I found a similar point being made in a story from the Yemeni News Agency.
When a Somali refugee who could not speak purely Arabic and insists that he is from Hjjah province, came to al-Thawra police station in the Capital Sana'a for ID, he was requested by the police station to present his documents. He was ready with his electoral card, neighborhoods' supervisor recommendation and ID copies of two witnesses as identification documents to get his Yemeni ID. As the concerned policeman wanted to stop the process of granting him the ID, his co-worker rejected that saying there is no excuse to stop or delay it because he has all the required documents and it’s the election committee's responsibility.
That's a different case isn't it? Why shouldn't people with the right papers get a national ID? The chap in question wasn't trying to bribe the police to give him an ID. Ah, but...
Police officers affirm that refugees can get IDs by giving bribes to concerned officials. These bribes are ranging from USD 500-1000. "Thousands of African refugees could obtain Yemeni IDs by bribing the brokers who have relations with civil affairs investigations and who in their turn allow the procedures to pass through," said a police station's officer. Many Africans had been arrested after finding out that they got IDs illegally, a policeman affirmed, but he did not mention the number, the place of their detention and the number of issues; whether they were referred to justice or not.
In fact what is going here is even more interesting: some officials not only allow illegal immigrants to bribe their way to the papers that will get them a national ID, but they have an absolute incentive to do so, which is that you can't vote without an ID cards.
An election committee chief in Hajjah province got surprised when he discovered that the number of the registered people in the electoral district is twice the population number.
The same problem crops up time and time again. Identity documents become the target of criminal enterprise and because they don't work properly they deliver terrific profits to the bad guys without really helping the good guys very much.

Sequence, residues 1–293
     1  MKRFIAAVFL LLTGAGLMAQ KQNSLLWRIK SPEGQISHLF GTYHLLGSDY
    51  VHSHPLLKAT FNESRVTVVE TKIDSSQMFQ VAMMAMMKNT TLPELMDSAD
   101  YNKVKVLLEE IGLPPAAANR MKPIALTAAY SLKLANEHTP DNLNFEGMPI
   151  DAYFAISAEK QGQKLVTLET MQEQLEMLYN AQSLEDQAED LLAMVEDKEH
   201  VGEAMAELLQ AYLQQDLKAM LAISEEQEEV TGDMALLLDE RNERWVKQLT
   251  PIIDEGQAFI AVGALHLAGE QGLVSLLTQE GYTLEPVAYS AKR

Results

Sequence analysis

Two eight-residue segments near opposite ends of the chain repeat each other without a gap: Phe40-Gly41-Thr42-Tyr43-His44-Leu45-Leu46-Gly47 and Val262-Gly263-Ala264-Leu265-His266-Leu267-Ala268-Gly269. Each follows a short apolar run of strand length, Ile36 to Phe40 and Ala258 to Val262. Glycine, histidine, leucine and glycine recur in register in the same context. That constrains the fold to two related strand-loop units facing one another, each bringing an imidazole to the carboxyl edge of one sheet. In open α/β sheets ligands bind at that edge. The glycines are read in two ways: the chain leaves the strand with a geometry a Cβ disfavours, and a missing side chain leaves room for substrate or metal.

The most wanted are Serbian biometric passports, "which cost up to EUR 3,000", the article claims.[From B92 - News - Crime & War crimes - "Albanians pay EUR 3,000 for Serbian passports"]
You can see the problem. If the state relies on an ID card to regulate its relationship with citizens and that ID card embodies certain entitlements (that is, it is not simply an identity) then the incentive to get one shoots up, because once you have it then you are "inside the wire", so to speak, and can act with impunity. So long as the card actually works, of course.
About 10% of the 24 million MyKad identification cards issued since 2001 had been replaced after they were found to be faulty.[From 10% of MyKad identification cards found to be faulty]
If 1 in 10 ID cards isn't working properly, then people will get used to that fact, so if a criminal shows up with an ID card that doesn't work, the shopkeeper/doorman/whoever will assume that it's broken and take it at face value, so I could stick my picture on any old ID card, that put the card in the microwave to fry the chip. This isn't really progress, is it.
[Dave Birch] I was in the US recently, and had occasion to visit a number of office buildings. At some of these, in order to comply with security requirements, I was asked to provide "picture ID". A couple of times, I produced my UK driving licence, which the guards looked at and then handed back, waving me through, despite the fact that they couldn't possibly have known whether it was real or not. So what was the point? This is what is called "security theatre", where the people involved (in this case, me and the guard) are both acting out our scripts to show security to the people around us. No actual security is involved. Were I a devotee of Osama bin Laden trying to get in to one of these buildings, I would simply have my accomplice call to make an appointment (perhaps posing as a security equipment salesman) using the same John Smith and then show up with a Western Australian driving licence in the name of John Smith with my picture on it. In fact, I'd lay a pound to a penny that I'd get in with Narnian driving licence. What is going on? If I'm going to see a contact at BigCompany, could he just use his digital identity to sign my Consult Hyperion public key, thus creating a credential certificate that I could load into my phone and that the guard could read using his PC, and which his PC could then resolve up the certificate chain to determine, in milliseconds, that I am entitled to enter the building?
In fact, what would be the point of the guard at all? I could just wander up to the building and present myself to the door: the door would ask my phone for a certificate, the phone would present it, but only if I am holding it (by my voiceprint, for example). That wouldn't be theatre.